US reports decline in terrorism

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WASHINGTON, Reuter - The United States said on Friday that what it terms international terrorism fell in 1992 to its lowest level since 1975, signalling what appears to be a steady and significant trend.

The State Department's annual report on what it defines as patterns of global terrorism recorded 361 incidents in 1992 versus 567 the previous year but the 1991 figure was viewed as aberrantly high because of the Gulf War.

'It may be a significant trend. There does appear to have been a steady decline in the numbers,' a senior State Department official told reporters at a briefing.

He attributed the decline to increasing cooperation among governments in prosecuting and refusing to make deals with perpetrators as well as the decline in sanctuaries in Eastern Europe because of the end of communism.

US casualties from acts of terrorism were the lowest ever, the report said. Two Americans were killed and one was wounded in 1992 compared to seven dead and 14 wounded the previous year.

The report does not cover the bombing of New York's World Trade Centre, which occurred on February 26, or the killing of two CIA employees outside the US spy agency headquarters earlier this year.

So while optimistic about progress, the report stresses a need for continued vigilance.

The senior official said one area of potential concern is terrorism spurred by ethnic and religious tensions in the former Yugoslavia and former Soviet Union.

As expected, the report restated US concerns about Sudan's contacts with Iran and Pakistan's support of Kashmiri militants. It cited for the first time the Islamic fundamentalist group Hamas for involvement in what it called terrorist acts against Israel.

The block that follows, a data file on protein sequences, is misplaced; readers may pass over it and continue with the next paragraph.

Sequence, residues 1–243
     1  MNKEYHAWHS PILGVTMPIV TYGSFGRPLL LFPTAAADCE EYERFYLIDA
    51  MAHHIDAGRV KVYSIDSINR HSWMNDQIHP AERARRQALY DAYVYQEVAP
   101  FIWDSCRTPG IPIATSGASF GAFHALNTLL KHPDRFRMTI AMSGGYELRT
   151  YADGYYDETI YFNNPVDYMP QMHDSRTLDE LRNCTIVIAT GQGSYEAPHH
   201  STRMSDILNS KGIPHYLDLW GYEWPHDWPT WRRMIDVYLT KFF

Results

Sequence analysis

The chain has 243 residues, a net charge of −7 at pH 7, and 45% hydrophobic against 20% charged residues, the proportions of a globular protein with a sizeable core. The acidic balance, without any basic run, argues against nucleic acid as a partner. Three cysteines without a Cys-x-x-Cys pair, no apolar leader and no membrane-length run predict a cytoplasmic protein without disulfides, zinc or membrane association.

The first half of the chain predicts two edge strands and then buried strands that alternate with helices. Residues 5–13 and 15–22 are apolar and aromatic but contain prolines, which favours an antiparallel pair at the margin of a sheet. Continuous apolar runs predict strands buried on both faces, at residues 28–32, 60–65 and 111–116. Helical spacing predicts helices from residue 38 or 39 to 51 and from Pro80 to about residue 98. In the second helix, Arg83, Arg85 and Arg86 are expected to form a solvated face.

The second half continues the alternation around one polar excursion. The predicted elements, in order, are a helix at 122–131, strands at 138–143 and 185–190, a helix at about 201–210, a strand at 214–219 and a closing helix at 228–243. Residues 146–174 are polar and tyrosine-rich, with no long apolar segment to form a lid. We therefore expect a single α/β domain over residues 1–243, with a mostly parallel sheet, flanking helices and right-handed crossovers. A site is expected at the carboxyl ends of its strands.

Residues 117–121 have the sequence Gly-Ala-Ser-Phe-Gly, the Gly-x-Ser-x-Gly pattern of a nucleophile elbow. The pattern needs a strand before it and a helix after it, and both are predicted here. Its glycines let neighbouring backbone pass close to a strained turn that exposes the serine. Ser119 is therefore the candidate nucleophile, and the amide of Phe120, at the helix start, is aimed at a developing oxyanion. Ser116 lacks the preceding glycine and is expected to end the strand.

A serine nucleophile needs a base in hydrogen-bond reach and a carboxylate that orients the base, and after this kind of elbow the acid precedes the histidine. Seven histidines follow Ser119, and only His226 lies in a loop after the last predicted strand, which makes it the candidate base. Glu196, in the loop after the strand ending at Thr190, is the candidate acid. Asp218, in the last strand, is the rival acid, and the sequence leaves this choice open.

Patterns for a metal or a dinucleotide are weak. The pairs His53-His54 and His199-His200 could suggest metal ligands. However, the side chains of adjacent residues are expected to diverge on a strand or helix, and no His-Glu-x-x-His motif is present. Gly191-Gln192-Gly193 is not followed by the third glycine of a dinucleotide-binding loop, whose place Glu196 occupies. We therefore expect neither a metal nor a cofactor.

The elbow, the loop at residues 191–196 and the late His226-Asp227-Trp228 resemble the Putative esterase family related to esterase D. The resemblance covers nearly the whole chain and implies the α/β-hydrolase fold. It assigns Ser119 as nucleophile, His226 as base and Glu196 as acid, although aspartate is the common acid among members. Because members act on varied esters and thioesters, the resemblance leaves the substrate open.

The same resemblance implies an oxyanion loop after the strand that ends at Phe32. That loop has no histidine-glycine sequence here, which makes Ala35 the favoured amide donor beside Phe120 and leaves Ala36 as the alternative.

Hanan Ashrawi, spokeswoman for the Palestinian delegation to Mideast peace talks, told reporters at a separate briefing, 'We do not think of Hamas as a terrorist group. We think that Hamas is part of the Palestinian political spectrum.' Senior US officials previously have said they are keeping Sudan and Pakistan under close watch and may add them to the list of countries they regard as sponsors of terrorism. The roster now includes Iran, Iraq, Cuba, Libya, North Korea and Syria.

The report said Latin America continued a three-year record as the region most plagued by extremist incidents and Iran earned the designation as 'most dangerous sponsor of state terrorism' with Iraq the second worst.

'Hizballah, Iran's most important client, was responsible for the deadliest act of terorrism in 1992, the bombing of the Israeli Embassy in Buenos Aires in March which killed 29 people and wounded 242,' the report said.

'Indications are that Iran at least had foreknowledge of this act and was probably involved,' it added.

It called Iran the principal sponsor of extremist Palestinian and Islamic groups and the main supporter and ally of the fundamentalist regime in Sudan.

Iraq's international guerrilla infrastructure was largely destroyed by actions of the US-led coalition in the Gulf War but still President Saddam Hussein conducted 39 attacks against internal targets in 1992 and sent agents abroad to stalk his opponents, the report said.

Although the report is aimed at identifying trends and threats, some of the more unexpected conclusions involved countries where sponsorship of so-called terrrorism declined.

It said that while North Korea remains on the US list Pyongyang 'appears disinclined to pursue a terrorist agenda.' As for Syria, a key player in Mideast peace talks that is also on the list, the report says 'there has been no evidence of direct Syrian government involvement in terrorist acts since 1986.' It added, however, that Damascus provides 'support and safe haven to a number of groups that engage in international terrorism,' although it has at times restrained these groups.